Heartstrings Entertainment’s latest comedy, ‘Last Man Standing’, which was staged last weekend at Alliance Francaise, is a patriarchal fantasy in which Nick Kwach doesn’t just play the ‘last man’.
He’s the ‘first and last’ man standing. He puts on a brilliantly blistering performance as a head-of-household who gets his authority challenged by his wife (Tasha Wanjiru).
At first glance, one can see why he explodes at her after listening to her nag and nag over petty things like a phone call from a female workmate, the misplacing of his wedding ring. He tries to calm her fears as he seems to understand they stem from her insecurities.
But finally, he erupts, telling her his truthful feelings about all things he’s never told her before. In this regard, he’s being honest, but the truth about everything — from her horrible cooking to how much his mother detests her — stuns and shuts her up.
In no time, she’s gone and he resorts to his best friend’s (Cyprian Osoro) employment bureau to hire not one but three women to replace the one wife to do all the domestic chores.
Apparently, the woman is that replaceable. The man in this patriarchal society of ours can easily go and shop for replacements, even if he needs three or more.
His friend and his wife, who’d been best couple at their wedding, tried to reconcile them at the outset of the tiff. They lamely explained in euphemistic terms that marriage is a ‘journey’ and there are ‘punctures’ along the way. But they can always be repaired.
Ultimately, that’s the message of the show since maids one and two arrived on the scene and made life hell for Nick. When maid number three turns out to be his wife, he explodes once more, but this time it’s to cast out the two maids. Then there’s a return to the status quo. Only now, the wife has been tamed as she just lost her job and with it the financial leverage.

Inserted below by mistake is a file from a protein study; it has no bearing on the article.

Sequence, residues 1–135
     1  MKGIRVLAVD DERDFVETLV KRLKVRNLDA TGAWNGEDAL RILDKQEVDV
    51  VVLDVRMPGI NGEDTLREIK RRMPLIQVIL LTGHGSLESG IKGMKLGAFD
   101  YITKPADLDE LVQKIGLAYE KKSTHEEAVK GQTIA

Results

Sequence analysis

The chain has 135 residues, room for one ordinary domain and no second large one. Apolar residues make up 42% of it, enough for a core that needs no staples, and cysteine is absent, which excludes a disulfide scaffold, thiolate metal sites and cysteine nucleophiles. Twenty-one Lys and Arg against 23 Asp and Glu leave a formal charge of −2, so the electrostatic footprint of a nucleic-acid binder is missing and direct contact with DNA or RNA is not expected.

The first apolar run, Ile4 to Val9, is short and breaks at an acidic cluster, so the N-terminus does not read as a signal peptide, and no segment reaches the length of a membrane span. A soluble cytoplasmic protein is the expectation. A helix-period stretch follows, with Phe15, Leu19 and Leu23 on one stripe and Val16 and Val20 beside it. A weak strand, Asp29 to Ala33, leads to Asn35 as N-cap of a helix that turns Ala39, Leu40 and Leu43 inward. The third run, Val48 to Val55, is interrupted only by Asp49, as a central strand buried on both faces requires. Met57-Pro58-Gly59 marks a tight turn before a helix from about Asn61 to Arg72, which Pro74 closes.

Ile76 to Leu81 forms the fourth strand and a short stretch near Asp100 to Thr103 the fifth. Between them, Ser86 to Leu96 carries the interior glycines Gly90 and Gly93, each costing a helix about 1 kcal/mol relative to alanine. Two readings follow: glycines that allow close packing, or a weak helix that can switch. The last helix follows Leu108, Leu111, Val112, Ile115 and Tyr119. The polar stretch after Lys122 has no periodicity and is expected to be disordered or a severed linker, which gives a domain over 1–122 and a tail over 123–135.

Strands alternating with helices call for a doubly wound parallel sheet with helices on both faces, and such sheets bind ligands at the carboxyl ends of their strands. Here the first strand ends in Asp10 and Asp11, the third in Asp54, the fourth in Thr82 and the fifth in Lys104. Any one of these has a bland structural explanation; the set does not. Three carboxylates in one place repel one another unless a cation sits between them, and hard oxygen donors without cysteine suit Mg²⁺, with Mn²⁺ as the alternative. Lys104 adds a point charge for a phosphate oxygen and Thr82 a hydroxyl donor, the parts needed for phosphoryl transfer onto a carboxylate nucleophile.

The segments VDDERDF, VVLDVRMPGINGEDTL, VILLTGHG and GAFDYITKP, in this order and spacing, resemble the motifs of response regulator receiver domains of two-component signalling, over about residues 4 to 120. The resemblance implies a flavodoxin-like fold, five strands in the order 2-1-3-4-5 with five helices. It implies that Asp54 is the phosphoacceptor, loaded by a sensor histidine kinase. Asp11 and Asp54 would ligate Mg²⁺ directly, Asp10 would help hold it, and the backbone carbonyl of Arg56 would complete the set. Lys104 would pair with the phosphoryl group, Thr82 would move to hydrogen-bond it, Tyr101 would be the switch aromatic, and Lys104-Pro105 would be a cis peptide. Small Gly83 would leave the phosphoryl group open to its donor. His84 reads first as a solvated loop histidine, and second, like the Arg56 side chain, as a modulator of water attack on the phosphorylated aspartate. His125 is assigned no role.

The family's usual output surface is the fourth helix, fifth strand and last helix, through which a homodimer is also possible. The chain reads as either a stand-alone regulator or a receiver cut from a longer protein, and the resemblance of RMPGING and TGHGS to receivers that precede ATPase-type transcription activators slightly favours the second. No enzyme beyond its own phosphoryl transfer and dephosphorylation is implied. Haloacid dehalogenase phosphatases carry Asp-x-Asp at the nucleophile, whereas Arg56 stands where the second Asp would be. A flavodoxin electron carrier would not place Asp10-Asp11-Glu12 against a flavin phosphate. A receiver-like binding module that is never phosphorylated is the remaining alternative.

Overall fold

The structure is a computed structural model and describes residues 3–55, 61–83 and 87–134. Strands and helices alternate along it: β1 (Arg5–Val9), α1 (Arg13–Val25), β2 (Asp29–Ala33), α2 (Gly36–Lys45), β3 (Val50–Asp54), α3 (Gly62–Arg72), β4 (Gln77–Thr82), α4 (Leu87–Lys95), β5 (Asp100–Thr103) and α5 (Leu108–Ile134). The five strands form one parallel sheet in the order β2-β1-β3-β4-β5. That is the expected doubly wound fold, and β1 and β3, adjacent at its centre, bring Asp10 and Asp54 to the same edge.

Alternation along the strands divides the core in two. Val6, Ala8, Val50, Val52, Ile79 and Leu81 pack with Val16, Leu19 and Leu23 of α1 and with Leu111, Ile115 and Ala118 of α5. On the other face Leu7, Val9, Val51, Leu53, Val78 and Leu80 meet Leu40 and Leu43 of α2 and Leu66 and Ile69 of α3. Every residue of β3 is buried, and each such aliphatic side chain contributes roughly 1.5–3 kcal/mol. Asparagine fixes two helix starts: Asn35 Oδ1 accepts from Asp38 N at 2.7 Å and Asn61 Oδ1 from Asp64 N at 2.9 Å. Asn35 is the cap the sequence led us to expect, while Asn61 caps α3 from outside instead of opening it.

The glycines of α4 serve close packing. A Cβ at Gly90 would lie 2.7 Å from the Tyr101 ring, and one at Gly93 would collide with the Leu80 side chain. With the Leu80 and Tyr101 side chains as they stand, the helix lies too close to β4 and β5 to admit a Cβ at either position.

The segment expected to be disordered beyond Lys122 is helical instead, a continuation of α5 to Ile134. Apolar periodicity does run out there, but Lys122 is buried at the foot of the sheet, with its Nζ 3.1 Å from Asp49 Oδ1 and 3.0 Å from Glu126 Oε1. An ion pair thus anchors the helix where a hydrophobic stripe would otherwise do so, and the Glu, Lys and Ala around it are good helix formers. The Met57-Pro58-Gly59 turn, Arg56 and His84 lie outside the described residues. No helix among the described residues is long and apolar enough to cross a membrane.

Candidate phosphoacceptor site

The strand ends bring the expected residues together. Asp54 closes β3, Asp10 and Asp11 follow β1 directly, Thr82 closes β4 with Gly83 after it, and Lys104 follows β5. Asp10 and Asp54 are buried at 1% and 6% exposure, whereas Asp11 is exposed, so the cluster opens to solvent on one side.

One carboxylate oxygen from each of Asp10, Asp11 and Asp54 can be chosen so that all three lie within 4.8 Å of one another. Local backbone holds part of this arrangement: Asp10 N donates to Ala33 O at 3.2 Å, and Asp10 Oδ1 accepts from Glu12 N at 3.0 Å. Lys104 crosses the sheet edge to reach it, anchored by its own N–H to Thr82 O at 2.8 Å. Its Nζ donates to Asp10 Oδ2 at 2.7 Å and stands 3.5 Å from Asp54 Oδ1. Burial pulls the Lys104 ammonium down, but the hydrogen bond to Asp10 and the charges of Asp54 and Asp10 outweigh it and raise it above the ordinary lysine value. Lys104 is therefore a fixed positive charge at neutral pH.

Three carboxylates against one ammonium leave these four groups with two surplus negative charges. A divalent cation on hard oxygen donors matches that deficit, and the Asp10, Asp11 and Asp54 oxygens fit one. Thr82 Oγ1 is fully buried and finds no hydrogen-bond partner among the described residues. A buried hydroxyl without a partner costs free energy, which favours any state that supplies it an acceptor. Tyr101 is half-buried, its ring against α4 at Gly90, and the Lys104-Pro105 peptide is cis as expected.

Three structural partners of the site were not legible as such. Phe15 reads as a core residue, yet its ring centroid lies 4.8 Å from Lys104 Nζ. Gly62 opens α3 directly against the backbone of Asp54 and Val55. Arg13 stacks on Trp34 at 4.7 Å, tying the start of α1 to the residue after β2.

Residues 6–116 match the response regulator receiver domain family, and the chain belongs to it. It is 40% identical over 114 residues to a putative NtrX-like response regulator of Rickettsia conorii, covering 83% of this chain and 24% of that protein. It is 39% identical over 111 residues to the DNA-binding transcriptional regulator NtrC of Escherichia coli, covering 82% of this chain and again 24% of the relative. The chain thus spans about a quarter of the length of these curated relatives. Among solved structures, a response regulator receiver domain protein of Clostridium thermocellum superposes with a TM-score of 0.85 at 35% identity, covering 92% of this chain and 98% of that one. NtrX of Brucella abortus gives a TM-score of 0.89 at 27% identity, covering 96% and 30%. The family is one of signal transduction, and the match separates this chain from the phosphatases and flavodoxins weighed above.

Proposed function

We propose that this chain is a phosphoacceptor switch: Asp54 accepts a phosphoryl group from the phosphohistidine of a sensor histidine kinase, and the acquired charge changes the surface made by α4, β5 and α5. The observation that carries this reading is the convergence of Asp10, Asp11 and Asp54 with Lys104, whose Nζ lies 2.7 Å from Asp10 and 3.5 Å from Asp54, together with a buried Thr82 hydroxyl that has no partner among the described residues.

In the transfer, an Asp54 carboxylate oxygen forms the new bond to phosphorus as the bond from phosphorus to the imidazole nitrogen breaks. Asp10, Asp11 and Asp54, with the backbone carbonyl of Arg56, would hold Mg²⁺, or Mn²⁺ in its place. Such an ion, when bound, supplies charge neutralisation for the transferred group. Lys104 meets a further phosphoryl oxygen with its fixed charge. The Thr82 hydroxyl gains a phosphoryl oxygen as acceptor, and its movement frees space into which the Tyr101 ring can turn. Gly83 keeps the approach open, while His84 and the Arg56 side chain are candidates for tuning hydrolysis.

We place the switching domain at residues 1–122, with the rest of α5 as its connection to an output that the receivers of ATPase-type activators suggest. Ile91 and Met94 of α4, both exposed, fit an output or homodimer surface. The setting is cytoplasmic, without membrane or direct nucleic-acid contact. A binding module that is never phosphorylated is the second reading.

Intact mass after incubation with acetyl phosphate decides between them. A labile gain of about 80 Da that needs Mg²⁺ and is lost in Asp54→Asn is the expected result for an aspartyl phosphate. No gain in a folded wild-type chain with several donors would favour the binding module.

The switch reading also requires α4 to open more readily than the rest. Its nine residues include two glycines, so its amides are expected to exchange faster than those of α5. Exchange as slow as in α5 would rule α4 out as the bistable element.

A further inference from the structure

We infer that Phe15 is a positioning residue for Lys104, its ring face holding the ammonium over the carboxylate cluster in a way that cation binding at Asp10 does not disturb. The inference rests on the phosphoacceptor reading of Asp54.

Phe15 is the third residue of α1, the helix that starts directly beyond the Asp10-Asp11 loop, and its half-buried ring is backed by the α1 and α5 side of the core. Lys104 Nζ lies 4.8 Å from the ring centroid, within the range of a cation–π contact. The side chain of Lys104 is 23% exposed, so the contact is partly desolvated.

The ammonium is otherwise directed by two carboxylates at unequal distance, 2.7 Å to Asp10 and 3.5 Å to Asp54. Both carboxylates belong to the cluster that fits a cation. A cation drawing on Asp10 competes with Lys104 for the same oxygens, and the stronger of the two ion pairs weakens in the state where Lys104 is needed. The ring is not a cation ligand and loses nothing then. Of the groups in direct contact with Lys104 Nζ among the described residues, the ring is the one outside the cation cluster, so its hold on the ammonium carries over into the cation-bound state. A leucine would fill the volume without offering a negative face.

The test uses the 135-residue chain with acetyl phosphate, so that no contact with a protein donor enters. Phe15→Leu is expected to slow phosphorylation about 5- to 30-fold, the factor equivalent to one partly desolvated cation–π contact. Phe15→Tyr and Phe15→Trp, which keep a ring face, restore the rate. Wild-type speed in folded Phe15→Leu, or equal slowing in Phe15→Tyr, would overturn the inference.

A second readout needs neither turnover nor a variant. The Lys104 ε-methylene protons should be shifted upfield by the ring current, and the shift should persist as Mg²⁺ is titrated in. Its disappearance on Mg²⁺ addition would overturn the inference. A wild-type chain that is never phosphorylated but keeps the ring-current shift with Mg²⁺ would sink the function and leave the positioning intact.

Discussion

I feel Nick’s performance was a tour de force. But I also see why feminists claim Heartstrings is biased. And certainly, Last Man Standing reveals the kind of power men can wield, even when they’re not presidents or kings. They still feel totally entitled. And when a woman, even a spouse questions their authority, they can either give them the boot or a beating, which I find abhorrent.
Nonetheless, I have seen many strong female actors come up through Heartstrings and I applaud Sammy Mwangi for encouraging women to shine onstage. And even though Nick didn’t give Tasha ‘the boot’, since she left of her own accord, still it wouldn’t be bad to see a bit more gender equity in future in Heartstrings shows.
Still on the issue of comedy, tomorrow afternoon (from 4pm) until late, Kenya’s first ever ‘improv (not improve) comedy show’ will stage its 26th edition at the Carnivore show ground.
‘Because You Said So’ is a brilliant team of professional artists who meet and perform stand-up comedy every other month at assorted venues.
‘Improv’ is short for improvisational theatre, meaning actors perform without scripts and to keep their rapport fresh and their act alive and inspired, they also don’t rehearse. This means they must be super sharp and quick on their mental feet.
And that’s the case for all seven in BYSS, starting with Jason Runo who is the producer and MC of the company. The remaining six are renowned entertainers, including Mugambi Nthiga, June Gachui and Patricia Kihoro as well as Yafesi Musoke, Kevin Kimani and Justin Karunguru.
Because You Said So is also interactive so if one wants a truly entertaining day with the stars, head to the Carnivore tomorrow and have some fun.
Finally, Back to Basics brings us ‘Breathe: Stories by Jackson Biko’ next weekend, October 19-21 at Alliance Francaise.
It won’t be the first time a theatre troupe picked up on an exceptional Kenyan blog and transformed it into an amazing performance.
Too Early for Birds did it first with their adapting historical tales lifted off the blog of Owaahh!
And now Mbeki Mwalimu and her B2B cast are doing something similar with the Bikozulu blog.
Blending blog-stuff and theatre has been described as a new ‘sub-genre’ of art.
But whatever it’s called, it’s a tribute to Biko and should be a fascinating new approach to Kenyan theatre.